"Practice of Tapa", i.e., observance of austerities is one of the important supplements to Ahimsa-vrata which is considered useful in achieving Samvara, i.e., stoppage of influx of Karmic matter into the soul. These austerities are regarded as essential things for achieving Nirjara, i.e., the shedding of Karmic matter from the soul, which is a necessary condition to the attainment of Moksha, i. e., salvation. The Jaina scriptures distinguish twelve kinds of austerities, as the expedients of Nirjara, grouped together under the two headings of Bahya Tapa, i.e., external austerities, and Abhyantara Tapa, i.e., internal austerities.
The six external austerities are:
- Anasana, i.e., periodical fasting,
- Avamodarya, i.e., eating less than the capacity of the stomach,
- Vrtti-parisankhyana, i.e., putting restrictions in regard to food, for example, to accept food only if a certain condition is fulfilled.
- Rasa-parityaga, i.e., daily renunciation of one or more of six kinds of delicacies, viz., ghee, milk, curds, sugar, salt and oil,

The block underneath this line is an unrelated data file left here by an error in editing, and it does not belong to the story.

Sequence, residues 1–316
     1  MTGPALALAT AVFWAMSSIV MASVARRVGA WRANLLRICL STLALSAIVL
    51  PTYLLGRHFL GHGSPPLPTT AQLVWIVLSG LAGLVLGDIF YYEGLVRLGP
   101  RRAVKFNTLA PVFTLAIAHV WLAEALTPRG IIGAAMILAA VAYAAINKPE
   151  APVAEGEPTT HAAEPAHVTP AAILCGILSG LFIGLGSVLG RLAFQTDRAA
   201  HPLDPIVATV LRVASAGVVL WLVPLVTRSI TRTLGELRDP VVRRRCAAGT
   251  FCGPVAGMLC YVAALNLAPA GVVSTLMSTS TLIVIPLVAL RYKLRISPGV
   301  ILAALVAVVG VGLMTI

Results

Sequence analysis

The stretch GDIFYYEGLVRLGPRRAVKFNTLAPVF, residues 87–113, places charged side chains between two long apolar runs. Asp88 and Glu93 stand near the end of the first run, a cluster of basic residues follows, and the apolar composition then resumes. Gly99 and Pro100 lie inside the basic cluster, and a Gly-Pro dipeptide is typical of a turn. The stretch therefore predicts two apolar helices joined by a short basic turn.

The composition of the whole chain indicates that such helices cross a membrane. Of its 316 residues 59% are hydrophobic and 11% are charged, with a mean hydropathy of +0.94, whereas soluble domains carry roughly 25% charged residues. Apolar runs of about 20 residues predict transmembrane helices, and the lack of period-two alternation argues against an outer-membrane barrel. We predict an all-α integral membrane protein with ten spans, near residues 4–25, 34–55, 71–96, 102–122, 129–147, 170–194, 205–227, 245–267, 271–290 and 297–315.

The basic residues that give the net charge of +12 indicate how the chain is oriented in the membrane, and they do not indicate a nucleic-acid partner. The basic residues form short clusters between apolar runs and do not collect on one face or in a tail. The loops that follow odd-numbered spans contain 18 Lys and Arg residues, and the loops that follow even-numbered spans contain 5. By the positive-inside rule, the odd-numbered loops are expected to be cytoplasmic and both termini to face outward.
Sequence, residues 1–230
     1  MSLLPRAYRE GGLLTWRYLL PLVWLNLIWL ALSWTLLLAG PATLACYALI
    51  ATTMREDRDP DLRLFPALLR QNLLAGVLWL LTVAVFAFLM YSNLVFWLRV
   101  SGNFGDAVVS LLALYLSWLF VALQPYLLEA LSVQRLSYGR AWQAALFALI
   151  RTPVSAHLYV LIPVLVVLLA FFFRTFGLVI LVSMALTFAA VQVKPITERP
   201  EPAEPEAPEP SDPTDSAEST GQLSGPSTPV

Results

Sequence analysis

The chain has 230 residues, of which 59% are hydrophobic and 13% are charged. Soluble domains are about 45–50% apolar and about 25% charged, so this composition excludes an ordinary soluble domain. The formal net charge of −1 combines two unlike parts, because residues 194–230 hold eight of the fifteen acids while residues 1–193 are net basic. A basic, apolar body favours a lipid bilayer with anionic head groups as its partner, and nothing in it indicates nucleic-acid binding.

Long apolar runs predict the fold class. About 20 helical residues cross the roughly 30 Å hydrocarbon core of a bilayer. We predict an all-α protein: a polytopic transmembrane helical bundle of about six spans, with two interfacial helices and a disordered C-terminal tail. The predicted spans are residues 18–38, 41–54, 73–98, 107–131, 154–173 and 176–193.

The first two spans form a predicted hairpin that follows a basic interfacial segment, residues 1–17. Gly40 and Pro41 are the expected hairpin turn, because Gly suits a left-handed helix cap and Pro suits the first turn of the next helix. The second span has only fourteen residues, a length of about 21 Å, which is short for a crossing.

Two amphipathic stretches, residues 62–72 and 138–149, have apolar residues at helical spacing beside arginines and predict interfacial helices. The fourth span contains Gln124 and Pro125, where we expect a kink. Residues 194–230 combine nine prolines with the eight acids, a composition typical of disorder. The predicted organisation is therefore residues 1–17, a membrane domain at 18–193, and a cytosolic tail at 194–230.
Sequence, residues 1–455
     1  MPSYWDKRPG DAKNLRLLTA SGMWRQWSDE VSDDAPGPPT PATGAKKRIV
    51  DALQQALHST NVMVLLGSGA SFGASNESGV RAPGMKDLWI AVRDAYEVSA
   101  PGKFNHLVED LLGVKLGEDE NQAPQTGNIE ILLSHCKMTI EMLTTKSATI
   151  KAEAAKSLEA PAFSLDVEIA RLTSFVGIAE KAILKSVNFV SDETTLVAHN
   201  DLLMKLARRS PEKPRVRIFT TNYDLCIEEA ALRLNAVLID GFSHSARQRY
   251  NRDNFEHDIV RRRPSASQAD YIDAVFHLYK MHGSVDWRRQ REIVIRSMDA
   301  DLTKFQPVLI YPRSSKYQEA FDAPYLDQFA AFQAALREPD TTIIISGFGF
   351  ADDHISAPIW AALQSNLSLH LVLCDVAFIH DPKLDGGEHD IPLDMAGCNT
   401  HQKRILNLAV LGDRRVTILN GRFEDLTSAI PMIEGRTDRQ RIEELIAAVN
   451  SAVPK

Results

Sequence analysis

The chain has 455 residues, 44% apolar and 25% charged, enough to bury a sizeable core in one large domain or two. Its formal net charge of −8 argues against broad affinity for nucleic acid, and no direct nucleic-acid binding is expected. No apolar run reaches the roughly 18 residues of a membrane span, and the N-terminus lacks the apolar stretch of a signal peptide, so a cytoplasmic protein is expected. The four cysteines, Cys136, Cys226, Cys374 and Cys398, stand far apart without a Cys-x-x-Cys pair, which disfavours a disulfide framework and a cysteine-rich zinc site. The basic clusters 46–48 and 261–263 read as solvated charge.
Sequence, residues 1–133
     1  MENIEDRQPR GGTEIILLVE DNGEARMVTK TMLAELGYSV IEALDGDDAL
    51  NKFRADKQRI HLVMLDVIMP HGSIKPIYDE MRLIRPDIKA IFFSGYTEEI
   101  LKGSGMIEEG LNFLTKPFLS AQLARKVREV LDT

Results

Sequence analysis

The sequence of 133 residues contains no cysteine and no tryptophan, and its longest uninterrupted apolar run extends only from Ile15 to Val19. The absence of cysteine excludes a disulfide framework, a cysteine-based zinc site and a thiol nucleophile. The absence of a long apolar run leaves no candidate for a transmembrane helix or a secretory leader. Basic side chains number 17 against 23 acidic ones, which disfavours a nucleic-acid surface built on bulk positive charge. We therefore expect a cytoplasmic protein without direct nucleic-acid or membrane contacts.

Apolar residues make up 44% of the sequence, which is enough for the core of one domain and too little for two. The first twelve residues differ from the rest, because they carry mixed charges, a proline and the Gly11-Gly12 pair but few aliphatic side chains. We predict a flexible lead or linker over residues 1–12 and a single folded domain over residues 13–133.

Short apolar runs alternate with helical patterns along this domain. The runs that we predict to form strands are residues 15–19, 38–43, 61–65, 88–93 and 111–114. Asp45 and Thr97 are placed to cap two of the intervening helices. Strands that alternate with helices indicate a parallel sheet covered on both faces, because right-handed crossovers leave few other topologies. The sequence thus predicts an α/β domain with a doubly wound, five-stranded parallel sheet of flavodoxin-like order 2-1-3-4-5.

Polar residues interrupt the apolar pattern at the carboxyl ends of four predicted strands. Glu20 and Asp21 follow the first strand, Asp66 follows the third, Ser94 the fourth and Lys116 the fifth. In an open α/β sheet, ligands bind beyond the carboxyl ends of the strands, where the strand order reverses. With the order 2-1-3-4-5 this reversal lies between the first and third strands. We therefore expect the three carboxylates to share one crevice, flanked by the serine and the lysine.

- Vivikta-sayyasana, i. e., sitting or sleeping in a lonely or isolated place, devoid of animate beings, and
- Kayaklesa, i.e., mortification of the body so long as the mind is not disturbed.
The six internal austerities are:
- Prayaschitta, i.e., expiation,
- Vinaya, i.e., reverence,
- Vaiyavrtya, i.e., service of the saints or worthy people,
- Svadhyaya, i.e., study.
- Vyutsarga, i.e., giving up attachment to the body, etc., and
- Dhyana, i.e., concentration of mind.
All these external and internal kinds of austerities are practiced with the object of burning or shedding out all karmic impurities from the soul. These austerities are meant mainly for the ascetics, but it has also been enjoined upon the householders to practice them to the best of their abilities.